With sales of milk as a beverage at the lowest level in more than 30 years, the dairy industry is fighting back with a $500 million campaign that includes products such as milk cartons that don’t require refrigeration until they’re opened.
Total U.S. beverage milk sales were about 52 billion pounds in 2013, according to the most recent available figures from the U.S. Department of Agriculture. That’s about six billion gallons, the lowest level since 1982.
Changing consumer habits, more drink choices and a lack of dairy product innovation are behind the steady decline in milk sales, according to the industry.
While Americans consume about the same number of gallons of beverages as they did in the past, they’re drinking a lot less milk.
Beverage milk sales have fallen to such a low level, it may be impossible to curb the decline if the new campaign fails, said Tom Gallagher, chief executive of Dairy Management Inc., a national organization that promotes dairy products and is funded by dairy farmers.
“The numbers are devastating. At some point, milk could become an irrelevant beverage for the average consumer,” Gallagher said.
The new campaign stems from an alliance between Dairy Management Inc. and seven business partners including Dairy Farmers of America, a cooperative that represents thousands of farmers nationwide, including Wisconsin.
Product innovation, including flavored milk and dairy-based sports drinks, is essential, said Monica Massey, a Dairy Farmers of America senior vice president.
“We need to understand consumer trends. We can’t just put a gallon of milk on a shelf and hope someone buys it,” Massey said.
In an effort to appeal to children, milk has been sold in small packages that resemble a cow’s head. There’s also been more emphasis on aseptic packaging, which allows milk to be kept unrefrigerated on a store shelf, much like a juice box.
Consumers want more “grab and go” options in drinks, Massey said.
“We are still a country where people want to buy milk refrigerated,” Gallagher said, but there are cost savings for businesses if milk could be moved on non-refrigerated trucks or could be stored without having to be kept cold.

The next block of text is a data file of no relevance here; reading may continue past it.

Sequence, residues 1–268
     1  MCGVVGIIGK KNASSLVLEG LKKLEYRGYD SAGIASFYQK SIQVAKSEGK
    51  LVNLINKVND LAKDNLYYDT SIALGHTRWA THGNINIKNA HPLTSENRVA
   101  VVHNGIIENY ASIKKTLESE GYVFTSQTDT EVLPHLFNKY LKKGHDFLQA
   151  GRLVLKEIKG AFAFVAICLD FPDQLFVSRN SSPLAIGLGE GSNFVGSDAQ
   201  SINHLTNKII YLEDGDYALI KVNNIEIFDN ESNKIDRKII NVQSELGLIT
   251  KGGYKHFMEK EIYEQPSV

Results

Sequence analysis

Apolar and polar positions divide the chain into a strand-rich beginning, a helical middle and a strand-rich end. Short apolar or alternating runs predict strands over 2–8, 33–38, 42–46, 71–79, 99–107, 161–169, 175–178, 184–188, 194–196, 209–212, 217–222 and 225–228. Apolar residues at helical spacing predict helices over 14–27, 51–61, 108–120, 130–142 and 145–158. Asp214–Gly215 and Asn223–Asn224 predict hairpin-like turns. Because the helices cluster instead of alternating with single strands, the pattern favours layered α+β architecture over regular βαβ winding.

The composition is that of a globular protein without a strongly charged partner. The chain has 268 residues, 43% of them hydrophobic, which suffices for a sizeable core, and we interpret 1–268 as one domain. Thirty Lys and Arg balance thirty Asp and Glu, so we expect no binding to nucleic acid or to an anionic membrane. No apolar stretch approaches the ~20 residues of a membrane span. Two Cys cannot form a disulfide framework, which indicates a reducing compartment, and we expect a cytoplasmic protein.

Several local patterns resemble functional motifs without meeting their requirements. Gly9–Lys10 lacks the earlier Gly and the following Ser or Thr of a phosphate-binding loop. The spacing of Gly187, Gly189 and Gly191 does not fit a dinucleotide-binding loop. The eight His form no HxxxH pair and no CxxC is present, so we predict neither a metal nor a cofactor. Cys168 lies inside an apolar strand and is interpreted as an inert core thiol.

Besides Dairy Farmers of America, the others in the campaign include Kroger Co., Coca-Cola Co., Southeast Milk Inc., Shamrock Farms, Darigold/Northwest Dairy Association, and Maryland & Virginia Milk Producers Cooperative Association.
With construction of milk packaging plants, the campaign could easily exceed $500 million, according to Gallagher with Dairy Management Inc.
Most of the money will come from the dairy cooperatives and food companies behind the effort, although some of it will come from dairy farmers through a national program that collects 15 cents for every 100 pounds of milk produced. In the industry, it’s called the “dairy checkoff” program.
Dairy Management Inc., which is funded through the dairy checkoff, will provide help where it’s needed in areas such as consumer testing, product development and marketing.
“Depending on the partner, we are able to morph to what their particular needs are,” Gallagher said.
Dairy Management Inc., based in Rosemont, Ill., has worked closely with McDonald’s and other fast-food restaurant chains to boost sales of dairy products.
“McDonald’s has spent more money on marketing milk and other products we have developed with them, than we could ever spend. And that’s just one company,” Gallagher said.
Generic advertising campaigns, such as the “Got Milk?” slogan, didn’t slow the sales decline. The problem was the dairy industry lacked the products and packaging needed to attract consumers, Gallagher said.
“It would be like Coca-Cola doing great advertising but not having a product that matched it,” he said.
Most of the milk from Wisconsin dairy farms is used to make cheese. Dairy Management Inc. says it’s had success with cheese promotions, including developing new products used in the pizza and fast-food businesses.
Sometimes, even small amounts of milk used by consumers add up to large amounts overall. Quaker Oats, for example, has changed its oatmeal cooking recipe to include milk instead of water.
That change could add up to millions of additional gallons of milk sold at a time when cold cereal sales, and the milk poured on cereal, have been declining.
Not everyone backs the efforts to promote dairy products, including the group Physicians Committee for Responsible Medicine, which favors a vegan diet.
That group is critical of the dairy checkoff program, saying it’s a hidden tax collected by the U.S. Department of Agriculture to promote the dairy industry.
“Dairy Management Inc. tries to convince restaurants to throw cheese on everything they can think of. It spends millions of dollars working with fast-food chains to develop and actively promote cheese and other fatty, high-calorie foods,” said Mark Kennedy, director of legal affairs for Physicians Committee for Responsible Medicine.